CEO, Son Believed to Be Aboard Plane in Santa Monica Airport Crash

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The CEO of one of the largest construction firms in the Southland and his adult son were believed to be on board the small plane that veered off a runway crashed into a hangar after landing Sunday night at Santa Monica Airport, the company said in a statement.

Santa Monica firefighters monitor the collapsed aircraft hangar where a private jet crashed and burned Sunday evening at Santa Monica Airport. (Credit: Dan Bartletti / Los Angeles Times)

“We are aware of a plane crash at Santa Monica Airports last night. While we do not have specific facts, we believe that our President and CEO, Mark Benjamin, and his son, Luke Benjamin, a Senior Project Engineer with us were on board,” read a statement issued Monday by Charles Muttillo, vice president of Morley Construction.

Mark Benjamin was 63. His son, Luke, was 28.

National Transportation Safety Board were expected to hold a news conference Monday afternoon after sifting through the wreckage of the fiery plane crash, authorities said. No bodies had been removed from the site as of Monday morning.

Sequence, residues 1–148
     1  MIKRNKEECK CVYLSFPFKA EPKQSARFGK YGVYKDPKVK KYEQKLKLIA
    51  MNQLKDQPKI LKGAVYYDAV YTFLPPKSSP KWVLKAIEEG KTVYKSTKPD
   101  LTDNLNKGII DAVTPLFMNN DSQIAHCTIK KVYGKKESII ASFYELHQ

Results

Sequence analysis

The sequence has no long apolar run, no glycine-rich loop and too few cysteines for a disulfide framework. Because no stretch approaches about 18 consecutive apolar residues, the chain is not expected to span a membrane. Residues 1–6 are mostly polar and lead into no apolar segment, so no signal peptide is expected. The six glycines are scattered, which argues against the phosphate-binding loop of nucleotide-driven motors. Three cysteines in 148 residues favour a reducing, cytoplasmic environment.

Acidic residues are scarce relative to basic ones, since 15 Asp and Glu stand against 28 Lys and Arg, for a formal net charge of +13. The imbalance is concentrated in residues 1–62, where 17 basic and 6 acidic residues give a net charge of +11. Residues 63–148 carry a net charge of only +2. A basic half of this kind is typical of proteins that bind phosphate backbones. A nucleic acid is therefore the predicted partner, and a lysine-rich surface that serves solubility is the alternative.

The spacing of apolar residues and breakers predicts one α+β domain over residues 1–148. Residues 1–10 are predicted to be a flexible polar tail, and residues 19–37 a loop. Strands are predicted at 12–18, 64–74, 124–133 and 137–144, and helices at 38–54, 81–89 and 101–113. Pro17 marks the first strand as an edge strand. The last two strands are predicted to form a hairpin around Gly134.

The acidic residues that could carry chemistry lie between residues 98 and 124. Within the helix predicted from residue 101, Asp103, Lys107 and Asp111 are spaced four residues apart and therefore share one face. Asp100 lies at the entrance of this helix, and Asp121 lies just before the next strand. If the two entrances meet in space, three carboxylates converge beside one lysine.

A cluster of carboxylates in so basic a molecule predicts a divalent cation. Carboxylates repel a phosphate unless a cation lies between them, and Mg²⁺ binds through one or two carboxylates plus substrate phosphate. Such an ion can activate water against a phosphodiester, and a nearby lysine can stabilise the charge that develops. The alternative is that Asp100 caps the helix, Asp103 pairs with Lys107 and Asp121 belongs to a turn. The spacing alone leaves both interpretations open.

The Cessna Citation, which had departed from Hailey, Idaho, went off the right side of a runway and struck a hangar at 6:20 p.m. Sunday, according to Ian Gregor, a Federal Aviation Administration spokesman.

Firefighters work to extinguish a fire Sunday at Santa Monica Airport, where a small plane struck a hangar after landing. (Credit: Allen J. Schaben / Los Angeles Times)

The hangar then collapsed.  NTSB investigators arrived shortly after the crash, but said the building was too unstable to enter.

Santa Monica firefighters could be seen battling the flames in the 3000 block of Donald Douglas Loop.

But they were not immediately able to access the wreckage due to the collapse of the hangar, authorities said.

“It was an unsurvivable crash,” said Capt. John Nevandro of the Santa Monica Fire Department.

Santa Monica Fire Department officials said they planned to use a large crane to lift the hangar off the aircraft on Monday, according to Gregor.

It was not known how many people were on the plane.

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